We’ve reached a cynical new perspective on the mobile payment app Venmo: It opens up new forms of passive aggression. It emboldens your craven, confrontation-fearing friends to invoice you for goods, this argument goes, goods that you might once have assumed had been given out of generosity.

This is probably more an issue with your craven, confrontation-fearing friends than the technology that lets you smoothly settle debts without relying on the old memory-based balance sheet, which has a way of selectively omitting items. Technology messes us up in all kind of ways, to be sure, but this isn’t that. If anything, Venmo drags to the surface whatever petty resentments were lurking all along.

Advertisement

To take this Quartz story’s most disconcerting example: your friend invites you over to watch some TV and talk, pours you a glass of wine, and then hits you with a $6.00 request. A friend like that was likely seething behind a smile with every casual wine pour, even before downloading Venmo. So face that bitterness head-on. Let the next miserly Venmo request serve as the impetus to start communicating clearly and tactfully about spending money with your friends, which isn’t easy, but is probably a large part of being a socially functional adult.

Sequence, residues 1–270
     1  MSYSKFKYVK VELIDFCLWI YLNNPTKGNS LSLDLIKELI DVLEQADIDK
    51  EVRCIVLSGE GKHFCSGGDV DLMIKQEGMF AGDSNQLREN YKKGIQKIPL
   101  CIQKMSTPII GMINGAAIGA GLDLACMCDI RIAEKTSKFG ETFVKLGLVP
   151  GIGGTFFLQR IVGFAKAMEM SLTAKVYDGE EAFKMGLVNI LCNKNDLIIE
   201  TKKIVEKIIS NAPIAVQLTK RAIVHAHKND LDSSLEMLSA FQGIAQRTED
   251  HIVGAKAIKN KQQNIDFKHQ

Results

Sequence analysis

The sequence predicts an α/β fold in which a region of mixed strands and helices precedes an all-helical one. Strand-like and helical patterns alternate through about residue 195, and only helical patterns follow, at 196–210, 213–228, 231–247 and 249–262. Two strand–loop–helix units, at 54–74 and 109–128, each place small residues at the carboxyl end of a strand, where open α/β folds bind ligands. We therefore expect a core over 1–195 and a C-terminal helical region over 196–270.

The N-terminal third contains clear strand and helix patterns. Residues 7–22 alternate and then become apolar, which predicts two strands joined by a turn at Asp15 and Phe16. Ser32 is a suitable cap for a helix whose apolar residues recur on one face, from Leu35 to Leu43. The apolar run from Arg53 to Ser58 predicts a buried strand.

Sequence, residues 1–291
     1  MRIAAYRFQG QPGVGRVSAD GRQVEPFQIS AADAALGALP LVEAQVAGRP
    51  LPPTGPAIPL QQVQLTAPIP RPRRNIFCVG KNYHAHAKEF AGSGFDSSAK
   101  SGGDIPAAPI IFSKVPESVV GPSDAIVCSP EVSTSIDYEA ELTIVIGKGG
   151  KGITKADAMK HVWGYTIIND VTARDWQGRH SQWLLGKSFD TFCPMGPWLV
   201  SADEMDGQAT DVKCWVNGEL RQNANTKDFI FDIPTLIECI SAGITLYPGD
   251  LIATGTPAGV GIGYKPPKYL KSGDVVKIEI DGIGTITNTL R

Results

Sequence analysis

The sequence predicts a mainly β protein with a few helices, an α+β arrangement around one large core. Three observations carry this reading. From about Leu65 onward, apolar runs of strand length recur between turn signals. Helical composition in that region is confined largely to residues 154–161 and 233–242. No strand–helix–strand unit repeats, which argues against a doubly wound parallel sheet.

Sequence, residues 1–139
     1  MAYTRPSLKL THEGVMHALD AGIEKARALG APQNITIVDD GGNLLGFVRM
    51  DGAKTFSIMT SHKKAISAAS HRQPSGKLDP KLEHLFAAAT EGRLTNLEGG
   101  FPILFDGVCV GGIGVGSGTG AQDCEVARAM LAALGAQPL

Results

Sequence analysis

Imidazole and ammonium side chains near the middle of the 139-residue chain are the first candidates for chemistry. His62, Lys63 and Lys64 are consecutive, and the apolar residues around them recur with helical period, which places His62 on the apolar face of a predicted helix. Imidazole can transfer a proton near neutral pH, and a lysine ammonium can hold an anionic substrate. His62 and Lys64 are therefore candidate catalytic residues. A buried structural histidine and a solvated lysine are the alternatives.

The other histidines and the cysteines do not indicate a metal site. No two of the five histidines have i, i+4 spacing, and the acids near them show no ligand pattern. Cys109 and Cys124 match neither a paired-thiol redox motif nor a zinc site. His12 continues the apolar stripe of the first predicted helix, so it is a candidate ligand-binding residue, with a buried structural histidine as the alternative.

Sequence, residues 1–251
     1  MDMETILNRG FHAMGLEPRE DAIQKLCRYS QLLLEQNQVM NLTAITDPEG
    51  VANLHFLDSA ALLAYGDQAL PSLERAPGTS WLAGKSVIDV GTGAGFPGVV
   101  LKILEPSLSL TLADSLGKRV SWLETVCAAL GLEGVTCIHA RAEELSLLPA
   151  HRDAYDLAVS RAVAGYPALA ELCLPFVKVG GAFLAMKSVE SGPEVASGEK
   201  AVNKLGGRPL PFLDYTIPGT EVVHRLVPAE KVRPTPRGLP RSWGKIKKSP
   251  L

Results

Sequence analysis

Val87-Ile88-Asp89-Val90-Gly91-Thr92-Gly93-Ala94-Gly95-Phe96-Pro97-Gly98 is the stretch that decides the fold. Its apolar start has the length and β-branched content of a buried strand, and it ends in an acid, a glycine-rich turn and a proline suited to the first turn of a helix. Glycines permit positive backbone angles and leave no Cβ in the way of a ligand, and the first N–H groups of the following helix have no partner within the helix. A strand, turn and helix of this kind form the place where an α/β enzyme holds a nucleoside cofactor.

“Tastefully avoid talking about money” is not a social grace worth keeping around for many reasons, but especially because it tends to punish those with less money. One overdone-but-still-true example: Wordlessly splitting the check might have a grad student who strategically ordered soup subsidizing his private equity pal’s jewel-encrusted truffle-oysters. Initially it might feel icky to make every social outing explicitly about the transactions, but that same ickiness drives people to never addressing these issues directly, which feeds more resentment on one side and more obliviousness on the other. If the choice is between normalizing money-talk versus repressing it for fear that it will taint the purity of your sacred hangout session, then I’m working towards the former.

The Quartz piece, like many others, overstates the degree to which not talking money helps friendship feel so good and right. If you are as clear with your friends about money as you are about all other emotional or intellectual issues, then this kind of repression will eventually no longer feel like a virtue. And you will also stave off the possibility of class conflict among your friend group! Sounds great.

Advertisement

Let these three true statements guide your actions: generosity flows both ways in a good friendship; people are differently able to afford financial generosity; people should assume that they are paying for exactly what they’re ordering.